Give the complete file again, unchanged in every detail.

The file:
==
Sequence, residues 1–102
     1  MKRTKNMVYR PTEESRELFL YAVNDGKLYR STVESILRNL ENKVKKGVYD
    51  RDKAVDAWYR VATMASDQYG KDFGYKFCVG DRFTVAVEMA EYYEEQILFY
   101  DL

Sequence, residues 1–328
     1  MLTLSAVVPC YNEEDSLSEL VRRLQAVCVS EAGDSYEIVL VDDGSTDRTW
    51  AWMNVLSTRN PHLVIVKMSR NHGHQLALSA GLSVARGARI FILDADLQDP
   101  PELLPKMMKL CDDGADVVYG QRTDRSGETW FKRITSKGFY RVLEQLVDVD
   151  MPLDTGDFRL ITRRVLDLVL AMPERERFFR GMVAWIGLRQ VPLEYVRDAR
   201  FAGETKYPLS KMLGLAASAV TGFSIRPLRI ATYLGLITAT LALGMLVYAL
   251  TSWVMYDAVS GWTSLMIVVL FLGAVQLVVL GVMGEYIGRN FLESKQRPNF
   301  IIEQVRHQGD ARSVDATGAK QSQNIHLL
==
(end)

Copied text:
Sequence, residues 1–102
     1  MKRTKNMVYR PTEESRELFL YAVNDGKLYR STVESILRNL ENKVKKGVYD
    51  RDKAVDAWYR VATMASDQYG KDFGYKFCVG DRFTVAVEMA EYYEEQILFY
   101  DL

Sequence, residues 1–328
     1  MLTLSAVVPC YNEEDSLSEL VRRLQAVCVS EAGDSYEIVL VDDGSTDRTW
    51  AWMNVLSTRN PHLVIVKMSR NHGHQLALSA GLSVARGARI FILDADLQDP
   101  PELLPKMMKL CDDGADVVYG QRTDRSGETW FKRITSKGFY RVLEQLVDVD
   151  MPLDTGDFRL ITRRVLDLVL AMPERERFFR GMVAWIGLRQ VPLEYVRDAR
   201  FAGETKYPLS KMLGLAASAV TGFSIRPLRI ATYLGLITAT LALGMLVYAL
   251  TSWVMYDAVS GWTSLMIVVL FLGAVQLVVL GVMGEYIGRN FLESKQRPNF
   301  IIEQVRHQGD ARSVDATGAK QSQNIHLL